This is a great photo, not just of Elizabeth but of Penrose. The smile on Elizabeth's face certainly gives the impression she could take off at any moment.
This photo is one of those special shots that tells a whole batch of stories. I remember posing Liz on the bike as if it were five minutes ago. She always minded me. I didn't realize we cruelly didn't allow her on the new bike. Just double click and study the details.
See how many stories you can tell from what you see in the photo.
Bedroom windows are open - it was a hot summer day in August (I know because Mother gave us stinky sulphur-smelling perms.) I felt very grown up because my braids of 12 years had been cut off, and this is the only time I ever got to get on the Schwinn bicycle. The new coal shed hadn't been built yet, because the old slab-sided one was there. And where is half of the gutter? We never minded that we didn't have a lawn mower - after all, grass was grass, and it beat sugar beets in the back yard. Thanks, Dwight, for making me believe that I could look like I could ride a bike.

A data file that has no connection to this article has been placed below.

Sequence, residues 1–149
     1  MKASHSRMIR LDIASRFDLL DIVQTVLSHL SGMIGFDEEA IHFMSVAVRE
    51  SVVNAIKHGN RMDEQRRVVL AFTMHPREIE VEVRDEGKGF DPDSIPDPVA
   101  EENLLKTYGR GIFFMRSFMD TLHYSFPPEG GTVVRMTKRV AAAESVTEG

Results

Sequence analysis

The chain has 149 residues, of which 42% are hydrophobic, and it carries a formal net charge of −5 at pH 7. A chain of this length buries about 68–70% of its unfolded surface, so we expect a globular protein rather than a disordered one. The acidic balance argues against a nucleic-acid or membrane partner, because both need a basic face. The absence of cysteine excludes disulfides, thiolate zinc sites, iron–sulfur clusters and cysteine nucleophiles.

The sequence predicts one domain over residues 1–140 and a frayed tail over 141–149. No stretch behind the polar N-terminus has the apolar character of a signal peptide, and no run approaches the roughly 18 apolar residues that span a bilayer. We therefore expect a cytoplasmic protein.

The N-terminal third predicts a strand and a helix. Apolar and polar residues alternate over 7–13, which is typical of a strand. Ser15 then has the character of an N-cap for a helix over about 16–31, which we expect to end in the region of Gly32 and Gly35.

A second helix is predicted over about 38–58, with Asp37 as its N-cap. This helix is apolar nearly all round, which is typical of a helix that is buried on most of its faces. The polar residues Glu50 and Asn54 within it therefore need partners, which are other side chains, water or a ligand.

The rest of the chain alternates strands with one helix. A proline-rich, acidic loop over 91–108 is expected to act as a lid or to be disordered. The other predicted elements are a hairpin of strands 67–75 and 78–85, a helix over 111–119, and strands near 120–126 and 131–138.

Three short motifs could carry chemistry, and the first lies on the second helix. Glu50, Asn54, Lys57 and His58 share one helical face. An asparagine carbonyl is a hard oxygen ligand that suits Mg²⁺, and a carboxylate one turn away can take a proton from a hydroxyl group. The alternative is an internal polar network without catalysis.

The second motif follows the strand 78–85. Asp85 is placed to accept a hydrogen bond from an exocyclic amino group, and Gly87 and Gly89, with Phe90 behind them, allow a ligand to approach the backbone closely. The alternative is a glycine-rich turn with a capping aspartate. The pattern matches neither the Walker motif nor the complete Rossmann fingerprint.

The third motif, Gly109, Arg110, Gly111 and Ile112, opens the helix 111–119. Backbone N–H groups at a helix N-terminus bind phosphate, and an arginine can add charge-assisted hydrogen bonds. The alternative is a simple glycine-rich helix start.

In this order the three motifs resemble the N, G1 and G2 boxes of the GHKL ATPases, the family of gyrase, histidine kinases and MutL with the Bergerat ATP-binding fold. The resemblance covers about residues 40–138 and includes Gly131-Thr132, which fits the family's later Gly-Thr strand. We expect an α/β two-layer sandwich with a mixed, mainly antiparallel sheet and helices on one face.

How about the light pole? The light pole lighted our path at night to the barn,and to Aunties, and provided a place to nail an improvised backboard for basketball. Holstein, our battle-scarred black and white tomcat, with one ear half chewed off and head covered with scabs, was a coward, and could shimmy up to the top in a flash and sit there until danger passed. We had to have a lineman from the REA change the bulb. Without the light pole, we would truly have been in the dark.
And the light pole served as a base when we played baseball in the summer or fox and geese in the winter. As we have been surviving very cold weather in this part of the country, the open windows in the photo of Elizabeth on the bike reminds me of the winter windows - covered with a thick layer of frost/ice and how we would carve hearts and names etc. in the icy covering.
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